Counterfeiting and Supply Chain Security
Counterfeiting is an enormous problem all around the globe. Supply chain security from a manufacturer’s factory to a freight forwarder like the trucking or air cargo company to a staging area for a shipyard and back staging then, again, through freight forwarders poses a complex challenge to secure, monitor and track that the goods reach their destination and have not been tampered with, stolen or, worse yet to the original manufacturer, counterfeited.
The despicable act of theft is even more of a detriment to companies’ brands, reputation, and revenue. Misrepresenting someone else’s brand is beyond deceitful and impacts everyone in the global supply chain as well as consumers like you and me. When we make consumer decisions to purchase goods, we rely on the integrity of the goods we select including quality, comfort, and warranty. Counterfeiting negates our ability to have any recourse.
According to Itestcash.com, “Estimates are as high as $600 billion for counterfeit products worldwide with a staggering 7% of all products sold being counterfeit.”
This staggering amount pales in comparison to today’s estimates as that was 2017 and global supply chain theft and counterfeiting has only gained momentum. Counterfeiting costs jobs which has a far-reaching negative impact on societies.
Financial loss, brand degradation, consumer disappointment and insurance claims are not the only negative impact, however. Counterfeiting of medication or other life saving products literally put lives at risk. Nothing tells one the importance of authenticity like COVID-19. It heightens the criticality of security, monitoring and tracking of goods from the manufacturer to consumer at every step of the way.
Inherently, consumers trust that government agencies, watchdog groups, border patrol and crossings all imply authenticity but it takes more to understand the difficulty of anti-tampering when there are so many players, so many processes and so much at risk – or reward if you look through a criminal’s lens.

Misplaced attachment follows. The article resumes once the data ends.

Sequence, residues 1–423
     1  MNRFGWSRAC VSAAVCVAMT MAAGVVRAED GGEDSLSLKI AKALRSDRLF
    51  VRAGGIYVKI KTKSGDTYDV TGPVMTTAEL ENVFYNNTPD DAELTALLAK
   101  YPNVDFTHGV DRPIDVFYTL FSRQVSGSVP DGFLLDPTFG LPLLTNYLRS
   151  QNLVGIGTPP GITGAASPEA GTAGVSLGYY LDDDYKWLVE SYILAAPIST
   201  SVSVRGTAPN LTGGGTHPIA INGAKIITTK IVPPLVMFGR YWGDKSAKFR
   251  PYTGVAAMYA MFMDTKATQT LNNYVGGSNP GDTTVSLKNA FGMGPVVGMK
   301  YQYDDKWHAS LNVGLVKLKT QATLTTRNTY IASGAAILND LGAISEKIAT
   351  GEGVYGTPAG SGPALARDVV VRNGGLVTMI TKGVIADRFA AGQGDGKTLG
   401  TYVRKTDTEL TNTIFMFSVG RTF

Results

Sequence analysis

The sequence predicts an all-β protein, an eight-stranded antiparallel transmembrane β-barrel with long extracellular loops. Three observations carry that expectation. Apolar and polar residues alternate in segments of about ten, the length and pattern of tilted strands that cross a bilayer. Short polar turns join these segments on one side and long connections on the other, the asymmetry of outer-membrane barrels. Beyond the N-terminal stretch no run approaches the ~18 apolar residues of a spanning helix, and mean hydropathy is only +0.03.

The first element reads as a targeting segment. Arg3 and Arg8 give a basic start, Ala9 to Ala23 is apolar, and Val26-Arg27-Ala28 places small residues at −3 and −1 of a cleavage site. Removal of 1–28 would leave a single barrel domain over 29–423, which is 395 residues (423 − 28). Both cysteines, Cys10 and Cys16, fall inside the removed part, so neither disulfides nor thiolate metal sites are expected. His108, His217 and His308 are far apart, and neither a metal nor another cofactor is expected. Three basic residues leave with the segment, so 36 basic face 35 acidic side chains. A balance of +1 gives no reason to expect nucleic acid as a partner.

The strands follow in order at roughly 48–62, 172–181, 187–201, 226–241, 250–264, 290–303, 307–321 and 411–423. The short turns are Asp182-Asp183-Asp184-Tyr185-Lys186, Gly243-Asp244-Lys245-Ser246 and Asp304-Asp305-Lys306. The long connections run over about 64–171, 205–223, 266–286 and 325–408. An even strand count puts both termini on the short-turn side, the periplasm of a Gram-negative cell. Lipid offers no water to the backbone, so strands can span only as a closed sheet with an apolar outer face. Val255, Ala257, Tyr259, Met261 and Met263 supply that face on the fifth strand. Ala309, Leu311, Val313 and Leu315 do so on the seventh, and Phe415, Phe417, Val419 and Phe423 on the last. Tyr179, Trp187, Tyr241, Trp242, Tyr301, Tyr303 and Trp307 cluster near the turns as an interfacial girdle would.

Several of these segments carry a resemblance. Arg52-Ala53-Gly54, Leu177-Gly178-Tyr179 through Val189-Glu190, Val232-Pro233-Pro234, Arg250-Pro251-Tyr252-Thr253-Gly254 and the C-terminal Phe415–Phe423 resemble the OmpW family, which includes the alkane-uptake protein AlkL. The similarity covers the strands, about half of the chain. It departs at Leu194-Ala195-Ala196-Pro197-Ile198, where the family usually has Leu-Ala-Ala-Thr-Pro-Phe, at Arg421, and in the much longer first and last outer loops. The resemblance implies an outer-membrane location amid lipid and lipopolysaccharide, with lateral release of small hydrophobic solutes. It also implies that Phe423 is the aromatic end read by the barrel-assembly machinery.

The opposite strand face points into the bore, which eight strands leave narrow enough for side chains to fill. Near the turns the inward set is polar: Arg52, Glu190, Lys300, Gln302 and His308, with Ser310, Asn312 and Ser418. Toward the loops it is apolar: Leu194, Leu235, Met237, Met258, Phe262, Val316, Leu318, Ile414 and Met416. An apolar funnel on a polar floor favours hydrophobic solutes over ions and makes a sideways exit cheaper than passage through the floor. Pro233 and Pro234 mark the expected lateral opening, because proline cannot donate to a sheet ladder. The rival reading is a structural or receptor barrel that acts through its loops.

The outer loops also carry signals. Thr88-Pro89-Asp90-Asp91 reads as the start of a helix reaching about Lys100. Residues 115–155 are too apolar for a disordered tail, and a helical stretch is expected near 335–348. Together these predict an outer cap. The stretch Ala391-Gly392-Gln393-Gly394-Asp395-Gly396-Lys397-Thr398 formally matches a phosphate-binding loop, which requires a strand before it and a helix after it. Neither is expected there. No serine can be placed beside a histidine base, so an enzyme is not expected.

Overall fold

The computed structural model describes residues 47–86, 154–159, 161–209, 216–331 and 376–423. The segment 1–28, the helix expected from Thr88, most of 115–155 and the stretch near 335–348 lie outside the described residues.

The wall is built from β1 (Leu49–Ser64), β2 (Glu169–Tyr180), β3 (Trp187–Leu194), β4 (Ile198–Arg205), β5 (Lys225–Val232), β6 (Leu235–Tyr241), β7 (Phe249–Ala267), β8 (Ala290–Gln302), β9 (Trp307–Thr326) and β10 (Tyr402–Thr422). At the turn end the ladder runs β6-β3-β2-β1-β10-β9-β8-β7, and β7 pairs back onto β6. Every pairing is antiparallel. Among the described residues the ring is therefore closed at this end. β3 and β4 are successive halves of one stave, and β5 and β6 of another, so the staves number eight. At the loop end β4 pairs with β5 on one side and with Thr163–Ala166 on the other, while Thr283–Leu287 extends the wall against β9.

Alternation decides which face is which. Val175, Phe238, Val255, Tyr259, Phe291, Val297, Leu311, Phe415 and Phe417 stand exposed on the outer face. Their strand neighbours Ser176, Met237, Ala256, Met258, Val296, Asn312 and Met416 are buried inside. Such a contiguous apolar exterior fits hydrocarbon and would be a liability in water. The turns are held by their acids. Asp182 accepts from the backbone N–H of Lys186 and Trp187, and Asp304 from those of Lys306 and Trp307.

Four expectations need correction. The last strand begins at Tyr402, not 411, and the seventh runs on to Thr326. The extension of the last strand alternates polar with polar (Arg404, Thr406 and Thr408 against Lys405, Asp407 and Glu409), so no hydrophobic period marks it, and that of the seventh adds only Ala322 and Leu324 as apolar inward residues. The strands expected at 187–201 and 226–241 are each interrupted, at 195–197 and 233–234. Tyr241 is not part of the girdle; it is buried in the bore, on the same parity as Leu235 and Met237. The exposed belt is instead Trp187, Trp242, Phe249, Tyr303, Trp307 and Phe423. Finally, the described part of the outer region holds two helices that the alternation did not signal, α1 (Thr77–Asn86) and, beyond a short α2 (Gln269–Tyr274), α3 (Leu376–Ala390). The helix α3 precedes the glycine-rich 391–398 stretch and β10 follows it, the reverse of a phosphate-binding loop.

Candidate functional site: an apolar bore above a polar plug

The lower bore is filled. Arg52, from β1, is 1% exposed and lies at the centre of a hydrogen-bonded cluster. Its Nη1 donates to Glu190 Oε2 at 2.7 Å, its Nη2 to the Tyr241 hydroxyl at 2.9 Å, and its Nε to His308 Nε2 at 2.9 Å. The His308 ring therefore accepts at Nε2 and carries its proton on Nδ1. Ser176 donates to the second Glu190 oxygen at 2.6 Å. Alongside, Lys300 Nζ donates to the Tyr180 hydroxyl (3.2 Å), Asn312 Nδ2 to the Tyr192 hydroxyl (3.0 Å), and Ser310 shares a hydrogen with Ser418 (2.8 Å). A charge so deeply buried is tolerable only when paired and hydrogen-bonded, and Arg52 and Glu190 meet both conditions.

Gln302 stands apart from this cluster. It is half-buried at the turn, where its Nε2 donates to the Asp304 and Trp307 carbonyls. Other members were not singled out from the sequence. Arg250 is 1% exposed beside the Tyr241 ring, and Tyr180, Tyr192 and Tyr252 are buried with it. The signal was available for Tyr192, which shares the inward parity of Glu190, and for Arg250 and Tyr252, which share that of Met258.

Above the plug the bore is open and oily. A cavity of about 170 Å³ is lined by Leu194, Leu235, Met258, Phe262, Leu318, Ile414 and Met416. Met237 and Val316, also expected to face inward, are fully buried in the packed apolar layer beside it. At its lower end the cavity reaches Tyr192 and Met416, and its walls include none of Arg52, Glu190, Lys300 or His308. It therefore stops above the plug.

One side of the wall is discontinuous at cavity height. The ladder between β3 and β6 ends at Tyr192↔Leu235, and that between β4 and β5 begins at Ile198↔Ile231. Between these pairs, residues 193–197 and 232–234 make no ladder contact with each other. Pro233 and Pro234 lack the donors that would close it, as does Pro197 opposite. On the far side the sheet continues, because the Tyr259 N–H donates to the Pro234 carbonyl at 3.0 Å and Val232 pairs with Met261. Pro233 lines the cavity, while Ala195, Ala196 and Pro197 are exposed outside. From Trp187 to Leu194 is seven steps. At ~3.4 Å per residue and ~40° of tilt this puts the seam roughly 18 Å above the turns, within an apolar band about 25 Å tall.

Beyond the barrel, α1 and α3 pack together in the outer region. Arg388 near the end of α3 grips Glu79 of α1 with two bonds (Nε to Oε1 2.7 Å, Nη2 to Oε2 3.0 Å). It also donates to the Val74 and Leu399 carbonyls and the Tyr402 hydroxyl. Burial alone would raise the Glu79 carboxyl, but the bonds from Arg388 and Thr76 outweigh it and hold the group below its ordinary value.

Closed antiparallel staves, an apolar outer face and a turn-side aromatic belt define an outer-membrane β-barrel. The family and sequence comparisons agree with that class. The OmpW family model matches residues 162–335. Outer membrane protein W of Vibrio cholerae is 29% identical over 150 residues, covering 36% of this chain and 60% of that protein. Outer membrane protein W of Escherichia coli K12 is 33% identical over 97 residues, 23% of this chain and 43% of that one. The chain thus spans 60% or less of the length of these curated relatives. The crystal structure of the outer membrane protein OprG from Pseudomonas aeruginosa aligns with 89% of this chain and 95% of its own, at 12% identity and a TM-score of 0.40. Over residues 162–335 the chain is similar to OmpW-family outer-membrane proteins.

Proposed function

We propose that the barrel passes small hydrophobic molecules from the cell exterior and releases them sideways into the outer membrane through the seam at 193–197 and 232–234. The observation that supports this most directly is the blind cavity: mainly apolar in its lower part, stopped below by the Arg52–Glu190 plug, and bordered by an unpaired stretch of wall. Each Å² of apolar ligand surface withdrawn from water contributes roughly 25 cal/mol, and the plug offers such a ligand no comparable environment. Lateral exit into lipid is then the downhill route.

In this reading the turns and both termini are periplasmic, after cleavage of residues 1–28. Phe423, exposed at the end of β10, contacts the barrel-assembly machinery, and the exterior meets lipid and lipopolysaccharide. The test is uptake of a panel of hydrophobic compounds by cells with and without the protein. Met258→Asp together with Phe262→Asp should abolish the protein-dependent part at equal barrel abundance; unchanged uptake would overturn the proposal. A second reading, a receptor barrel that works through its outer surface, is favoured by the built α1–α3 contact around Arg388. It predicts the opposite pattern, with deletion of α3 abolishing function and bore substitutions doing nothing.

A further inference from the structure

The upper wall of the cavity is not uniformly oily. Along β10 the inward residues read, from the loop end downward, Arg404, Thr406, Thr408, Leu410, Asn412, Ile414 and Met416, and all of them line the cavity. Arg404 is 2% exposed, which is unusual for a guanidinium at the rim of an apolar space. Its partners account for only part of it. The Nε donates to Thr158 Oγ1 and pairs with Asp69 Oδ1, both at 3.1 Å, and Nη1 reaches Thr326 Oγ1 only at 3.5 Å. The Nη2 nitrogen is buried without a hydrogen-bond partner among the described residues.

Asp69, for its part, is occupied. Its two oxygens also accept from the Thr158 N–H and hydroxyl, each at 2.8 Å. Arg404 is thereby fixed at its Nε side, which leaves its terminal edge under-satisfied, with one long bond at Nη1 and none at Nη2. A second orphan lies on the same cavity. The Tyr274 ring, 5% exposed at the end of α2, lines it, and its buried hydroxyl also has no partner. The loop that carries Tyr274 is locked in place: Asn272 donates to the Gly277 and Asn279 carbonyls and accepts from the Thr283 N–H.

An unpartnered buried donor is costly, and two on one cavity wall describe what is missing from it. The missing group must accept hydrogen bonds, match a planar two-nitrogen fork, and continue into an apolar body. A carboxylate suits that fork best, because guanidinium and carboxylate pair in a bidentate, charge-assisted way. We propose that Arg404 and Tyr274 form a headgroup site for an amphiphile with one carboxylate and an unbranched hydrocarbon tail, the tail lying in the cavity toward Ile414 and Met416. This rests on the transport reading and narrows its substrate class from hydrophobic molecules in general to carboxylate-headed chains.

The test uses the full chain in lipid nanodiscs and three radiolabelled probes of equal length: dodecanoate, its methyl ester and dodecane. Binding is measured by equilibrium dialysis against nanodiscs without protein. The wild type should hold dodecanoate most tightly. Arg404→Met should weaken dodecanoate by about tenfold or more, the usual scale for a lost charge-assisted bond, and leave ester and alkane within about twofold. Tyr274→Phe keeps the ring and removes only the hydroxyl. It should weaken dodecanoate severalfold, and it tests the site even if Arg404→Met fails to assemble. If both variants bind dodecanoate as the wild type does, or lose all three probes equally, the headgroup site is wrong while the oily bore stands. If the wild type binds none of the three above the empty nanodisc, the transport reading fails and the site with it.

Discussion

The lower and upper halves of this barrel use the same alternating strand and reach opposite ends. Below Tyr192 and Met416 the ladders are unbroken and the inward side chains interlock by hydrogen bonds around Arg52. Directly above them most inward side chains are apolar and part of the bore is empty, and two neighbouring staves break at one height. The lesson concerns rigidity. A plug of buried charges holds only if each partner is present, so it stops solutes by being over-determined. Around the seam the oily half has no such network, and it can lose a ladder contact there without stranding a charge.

Technology is the only way to battle these supply chain and logistics challenges. Not just one technology but an array of technology that is adaptive and multi-faceted. For instance, WIFI alone is not enough if one cannot guarantee stable, secure connections 24/7. Cellular relies on towers. When you combine the best of technology together enabling an Internet of Things (IoT) device to transition from one form of monitoring and reporting security status to another, you get layers of reassurance that your goods are authentic, secure and have not been tampered with.
The power of information and control allow for peace of mind and recovery, in the case of tampering. No loss is ideal. Recovery is essential. That is why we created OpticalLock, an IoT device that blends WIFI, cellular, Bluetooth, Near Field Communication (NFC) and Geofencing to secure high-value goods in transit or at rest.
Geofencing is the practice of establishing a GPS-based, virtual fence around a location that enables alerts if your goods leave a designated area. If your goods are in motion being transported, you can establish a certain route or Pathway to alert you if the transport gets off track from your intended route. Otherwise, you can establish a Circular or Circumference around your goods to alert you if they leave your designated vicinity. Lastly, you can establish a uniquely shaped fence that morphs into whatever boundary you desire to ensure security of high-value goods.
We sell fleets of our patented locks, offer various service levels as well as a flexible leasing program for those companies who choose not to outright own products and only want to use them on a project by project basis. This article is a great example of the financial impact counterfeiting has on the global economy.